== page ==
There are many ways Tomi Adeyemi’s Children of Blood and Bone resonated with me. There is first the obvious: the thrill of inhabiting a world woven by Adeyemi of an African fantasy storytelling that centers Nigeria. Representation is a powerful thing, and I never felt as beautiful a Nigerian as I did as I read about the adventures of Zellie and her companions in all these familiarly-named towns and cities that make up the Orisha kingdom. At some point, when reading about the Orishan Lagos, I fancied I could just be walking down a street in Ikeja and happen upon the sweeping palace of King Saran, or bump into a king’s guard wearing the famed Orisha seal.

Another aspect of this story that struck me and stayed with me were the parallels I could draw from it, as relating my life as a gay man living in Nigeria. Children of Blood and Bone is a tale about a minority race of young magic folks called the diviners, who are oppressed among their kinsmen, the non-magic folks called the kosidians, for having the unfortunate fate of being born with magic. The oppression started after the Raid years ago, when the Orisha ruler, King Saran, saw to the execution of the adult, practicing magical citizens of his kingdom called the maji. The diviners were too young and hadn’t grown into their magic, and so had their lives spared for an alternative of suffering and subjugation.

This story never fails to push into your consciousness the othering of these diviners, a minority in a larger community of kosidians, distinguishable by their white hair.

And for all their pain, their struggles, their defiance, their steady fight to reclaim their positions as equal citizens of Orisha, I saw the effeminate young man daring to step out into the harsh, unforgiving street of Lagos, clad in nothing but his skin-tight clothes and his determination to live.

I see the tomboyish, dreadlock-wearing woman with her face free of makeup, striding purposefully along her business.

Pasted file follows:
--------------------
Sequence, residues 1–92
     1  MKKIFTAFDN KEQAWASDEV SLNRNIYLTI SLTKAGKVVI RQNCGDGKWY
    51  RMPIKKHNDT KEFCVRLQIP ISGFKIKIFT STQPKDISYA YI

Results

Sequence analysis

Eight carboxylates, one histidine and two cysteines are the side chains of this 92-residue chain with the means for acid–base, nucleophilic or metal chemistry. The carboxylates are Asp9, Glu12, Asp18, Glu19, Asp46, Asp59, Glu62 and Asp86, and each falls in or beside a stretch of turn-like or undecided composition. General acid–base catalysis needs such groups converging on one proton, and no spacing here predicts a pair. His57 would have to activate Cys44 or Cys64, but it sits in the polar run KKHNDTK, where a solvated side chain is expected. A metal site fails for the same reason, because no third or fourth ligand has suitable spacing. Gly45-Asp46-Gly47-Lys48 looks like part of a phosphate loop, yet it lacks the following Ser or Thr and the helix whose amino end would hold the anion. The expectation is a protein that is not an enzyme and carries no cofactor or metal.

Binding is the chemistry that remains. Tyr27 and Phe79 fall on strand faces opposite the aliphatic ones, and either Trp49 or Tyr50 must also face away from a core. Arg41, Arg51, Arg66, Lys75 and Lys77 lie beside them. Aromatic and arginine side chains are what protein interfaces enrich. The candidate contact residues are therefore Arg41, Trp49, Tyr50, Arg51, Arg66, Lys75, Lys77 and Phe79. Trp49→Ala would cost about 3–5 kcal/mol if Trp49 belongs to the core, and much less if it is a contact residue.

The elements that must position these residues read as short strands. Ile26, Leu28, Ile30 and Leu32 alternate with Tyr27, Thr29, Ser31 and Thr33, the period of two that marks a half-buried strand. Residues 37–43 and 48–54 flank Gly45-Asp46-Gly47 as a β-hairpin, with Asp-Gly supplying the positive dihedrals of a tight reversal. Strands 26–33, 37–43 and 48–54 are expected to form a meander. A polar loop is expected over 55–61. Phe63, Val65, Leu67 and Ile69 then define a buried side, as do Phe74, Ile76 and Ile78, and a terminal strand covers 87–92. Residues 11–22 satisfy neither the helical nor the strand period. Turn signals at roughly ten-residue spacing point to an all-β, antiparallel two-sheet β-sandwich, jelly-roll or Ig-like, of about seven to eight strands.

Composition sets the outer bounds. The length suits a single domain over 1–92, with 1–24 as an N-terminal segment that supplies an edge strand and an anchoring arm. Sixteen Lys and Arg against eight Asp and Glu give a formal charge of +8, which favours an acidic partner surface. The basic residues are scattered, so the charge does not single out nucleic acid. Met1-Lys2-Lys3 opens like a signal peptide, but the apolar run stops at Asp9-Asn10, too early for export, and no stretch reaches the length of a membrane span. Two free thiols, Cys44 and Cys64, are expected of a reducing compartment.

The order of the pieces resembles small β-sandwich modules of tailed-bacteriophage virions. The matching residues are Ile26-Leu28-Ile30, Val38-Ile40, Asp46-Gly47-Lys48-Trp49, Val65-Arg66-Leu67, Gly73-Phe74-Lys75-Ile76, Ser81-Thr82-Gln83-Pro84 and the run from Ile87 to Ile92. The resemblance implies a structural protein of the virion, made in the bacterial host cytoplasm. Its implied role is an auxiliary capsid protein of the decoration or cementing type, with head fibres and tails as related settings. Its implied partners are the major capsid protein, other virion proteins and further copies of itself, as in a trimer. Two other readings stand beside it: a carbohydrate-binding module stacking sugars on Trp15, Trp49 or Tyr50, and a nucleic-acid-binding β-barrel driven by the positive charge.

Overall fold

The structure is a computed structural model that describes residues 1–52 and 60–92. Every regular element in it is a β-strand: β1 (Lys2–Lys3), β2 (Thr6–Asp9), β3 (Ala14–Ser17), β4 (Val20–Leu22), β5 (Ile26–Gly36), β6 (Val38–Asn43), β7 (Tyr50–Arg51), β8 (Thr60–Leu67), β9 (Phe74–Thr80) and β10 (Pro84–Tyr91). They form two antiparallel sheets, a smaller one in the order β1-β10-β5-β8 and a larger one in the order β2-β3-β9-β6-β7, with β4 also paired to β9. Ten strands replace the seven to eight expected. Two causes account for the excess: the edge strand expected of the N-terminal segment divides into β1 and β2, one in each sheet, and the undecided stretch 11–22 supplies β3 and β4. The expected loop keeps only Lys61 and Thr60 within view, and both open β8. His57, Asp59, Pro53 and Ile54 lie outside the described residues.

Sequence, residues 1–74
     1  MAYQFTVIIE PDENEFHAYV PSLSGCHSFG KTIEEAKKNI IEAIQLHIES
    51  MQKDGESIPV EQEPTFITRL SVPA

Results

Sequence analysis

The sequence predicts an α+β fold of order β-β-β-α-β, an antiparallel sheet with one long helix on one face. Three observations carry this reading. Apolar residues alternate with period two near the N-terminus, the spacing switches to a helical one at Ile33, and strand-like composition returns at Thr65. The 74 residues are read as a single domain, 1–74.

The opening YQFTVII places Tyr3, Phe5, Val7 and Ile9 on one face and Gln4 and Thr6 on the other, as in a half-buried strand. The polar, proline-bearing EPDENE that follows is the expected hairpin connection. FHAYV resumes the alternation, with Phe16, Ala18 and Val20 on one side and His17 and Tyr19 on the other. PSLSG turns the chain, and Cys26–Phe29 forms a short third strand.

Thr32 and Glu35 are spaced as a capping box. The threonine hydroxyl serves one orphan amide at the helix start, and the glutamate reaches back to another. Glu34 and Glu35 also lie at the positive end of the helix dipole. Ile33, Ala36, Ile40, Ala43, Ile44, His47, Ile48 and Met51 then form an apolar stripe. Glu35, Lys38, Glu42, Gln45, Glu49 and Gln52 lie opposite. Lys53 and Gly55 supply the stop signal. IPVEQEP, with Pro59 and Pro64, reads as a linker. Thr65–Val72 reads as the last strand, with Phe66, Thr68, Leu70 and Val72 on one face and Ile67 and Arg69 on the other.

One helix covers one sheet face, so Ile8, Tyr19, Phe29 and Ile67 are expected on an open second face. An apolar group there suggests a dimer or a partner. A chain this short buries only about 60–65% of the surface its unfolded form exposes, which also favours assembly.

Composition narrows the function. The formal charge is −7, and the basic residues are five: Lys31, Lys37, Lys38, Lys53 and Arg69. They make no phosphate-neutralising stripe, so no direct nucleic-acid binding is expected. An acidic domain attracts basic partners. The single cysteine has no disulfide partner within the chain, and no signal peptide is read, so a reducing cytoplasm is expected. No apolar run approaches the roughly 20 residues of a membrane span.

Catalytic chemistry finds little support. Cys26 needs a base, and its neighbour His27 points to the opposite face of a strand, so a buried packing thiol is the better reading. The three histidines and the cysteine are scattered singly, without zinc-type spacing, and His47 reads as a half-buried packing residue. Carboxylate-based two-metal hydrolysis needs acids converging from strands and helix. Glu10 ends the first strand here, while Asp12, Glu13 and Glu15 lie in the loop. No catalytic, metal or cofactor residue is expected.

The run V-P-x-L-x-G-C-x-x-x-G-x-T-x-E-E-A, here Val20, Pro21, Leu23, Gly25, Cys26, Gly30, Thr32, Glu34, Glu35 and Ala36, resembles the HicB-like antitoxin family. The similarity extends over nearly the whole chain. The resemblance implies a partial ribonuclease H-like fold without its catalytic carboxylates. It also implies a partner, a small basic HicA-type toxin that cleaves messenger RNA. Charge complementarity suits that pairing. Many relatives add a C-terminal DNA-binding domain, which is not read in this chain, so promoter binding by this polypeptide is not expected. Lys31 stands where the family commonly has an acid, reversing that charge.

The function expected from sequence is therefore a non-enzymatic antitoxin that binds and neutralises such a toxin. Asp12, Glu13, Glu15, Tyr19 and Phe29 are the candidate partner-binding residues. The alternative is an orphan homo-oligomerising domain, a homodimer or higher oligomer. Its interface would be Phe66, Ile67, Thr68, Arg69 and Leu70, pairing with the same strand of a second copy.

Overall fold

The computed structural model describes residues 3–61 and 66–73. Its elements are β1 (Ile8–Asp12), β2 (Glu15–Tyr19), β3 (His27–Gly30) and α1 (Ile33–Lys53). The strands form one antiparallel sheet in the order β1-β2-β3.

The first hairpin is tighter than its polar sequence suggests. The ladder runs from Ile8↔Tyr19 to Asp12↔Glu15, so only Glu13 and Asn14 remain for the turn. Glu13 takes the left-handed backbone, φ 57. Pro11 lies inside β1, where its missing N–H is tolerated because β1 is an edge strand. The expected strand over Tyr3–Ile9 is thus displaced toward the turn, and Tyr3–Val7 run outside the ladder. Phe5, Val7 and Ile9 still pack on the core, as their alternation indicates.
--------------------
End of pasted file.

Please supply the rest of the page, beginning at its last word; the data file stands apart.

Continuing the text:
I see the guy who has stepped down from a bus at a junction, his eyes darting about pensively as he tries to make up his mind about the Grindr hookup he is there to see.

I see the heavily-made-up woman, wearing a cascading weave and hurrying through her shopping, so that no one will have the time to harass her over why her shoulders appear too broad and her face too angular to belong to a female.

I see those who are brazen, open, bold. And I see those who are hiding, hesitant, lacking courage.

I see them. And I recognize them in these pages of Tomi Adeyemi’s book. And the fact that these diviners, the minorities, broke through the shackles of the oppression and their fear to achieve a victory in the end (even though I have a string beef to chew with Tomi over that damned cliffhanger), I have to wonder: will those othered in Nigeria, these minorities that are at once brave and cowardly, ever get to the point where we can claim victory over our freedom to live?

Written by Pink Panther

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  1. No_el
    August 15, 07:51 Reply

    We need our own Stonewall

  2. Realme
    August 15, 12:49 Reply

    Wow … WOW… WOW
    Going to reread the book again !!!!

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